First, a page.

Vanguard investment strategy and tax reform

As a result of the recent tax reform legislation, investors have an opportunity to reevaluate their retirement savings strategy, including considering taxable bonds and Roth contributions. Vanguard advises investors on how to best navigate their investment strategy in the wake of tax reform. 

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Talli Sperry: You know, Bryan, I’d love for you to comment. In light of the new tax reform overhaul, what advice would you offer clients as it relates to their investment strategy? And, interestingly enough, Samuel from Denver, Colorado, also asked this question. Thanks, Samuel.

Bryan Lewis: When you look at some of the recent tax reform, I mentioned this, typically, Vanguard’s viewed as a buy-and-hold investor, and then rebalance over time. But there is, when you look at some of the recent changes, I think it does take a little bit of an effort to be more proactive and reevaluate your investment strategies.

A couple examples of things to look at with the lower tax rates investors find themselves in. Let’s say you were in, previously, a higher tax bracket and you were using tax-exempt bonds within the portfolio. Is it more advantageous to start looking at taxable bonds as an opportunity, being mindful of the tax implications to sell those tax-exempt bonds, to shift into taxable bonds? I think it presents an opportunity to reevaluate your strategy within the bonds if you have any in a taxable account.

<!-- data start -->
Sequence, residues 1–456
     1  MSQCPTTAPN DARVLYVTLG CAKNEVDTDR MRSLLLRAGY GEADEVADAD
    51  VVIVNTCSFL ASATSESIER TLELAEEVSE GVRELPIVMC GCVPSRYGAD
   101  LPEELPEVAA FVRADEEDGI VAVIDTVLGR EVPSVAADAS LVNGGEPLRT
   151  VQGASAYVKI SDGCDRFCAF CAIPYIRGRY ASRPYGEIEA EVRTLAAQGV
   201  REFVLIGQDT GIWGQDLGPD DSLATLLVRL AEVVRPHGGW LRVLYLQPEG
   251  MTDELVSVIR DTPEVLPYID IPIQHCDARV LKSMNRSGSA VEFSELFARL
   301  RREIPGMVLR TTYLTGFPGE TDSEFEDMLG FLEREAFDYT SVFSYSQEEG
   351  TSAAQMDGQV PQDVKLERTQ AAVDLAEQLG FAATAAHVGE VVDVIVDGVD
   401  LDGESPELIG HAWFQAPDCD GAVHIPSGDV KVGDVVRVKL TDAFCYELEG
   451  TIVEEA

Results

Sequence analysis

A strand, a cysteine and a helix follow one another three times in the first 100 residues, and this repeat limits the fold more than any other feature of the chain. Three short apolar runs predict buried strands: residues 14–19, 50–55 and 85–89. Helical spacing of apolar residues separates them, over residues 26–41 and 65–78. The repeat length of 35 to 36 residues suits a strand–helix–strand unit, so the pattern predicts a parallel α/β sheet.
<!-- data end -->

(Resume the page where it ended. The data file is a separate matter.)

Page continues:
If you look at these lower tax rates we have, it’s presenting an opportunity to reevaluate your retirement savings strategy. If you look at investors who are in a low tax bracket now and have been traditionally contributing to a traditional 401(k) or a traditional IRA, and getting that deduction, well, you’re already in a low enough tax bracket. Would it be more advantageous to start thinking about Roth IRA contributions or Roth 401(k), if you’re eligible to do that?

I think it does highlight potential opportunities around the savings strategy as well as, potentially, Roth conversion. If you think of the tax reform that went into effect with the tax brackets, they’re scheduled to sunset at the end of tax year 2025, meaning they’re going to revert in tax year 2026 to what they were previously.

If you’re an investor who anticipates your tax bracket increasing over time, for example, a younger investor who has several years ahead as far as earning potential, maybe consider looking at the Roth piece to the portfolio, just to help balance that out. But it’s not something investors have to make changes to. If you have a solid plan, there’s nothing wrong with staying the course.

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This webcast is for educational purposes only. We recommend that you consult a tax or financial advisor about your individual situation.

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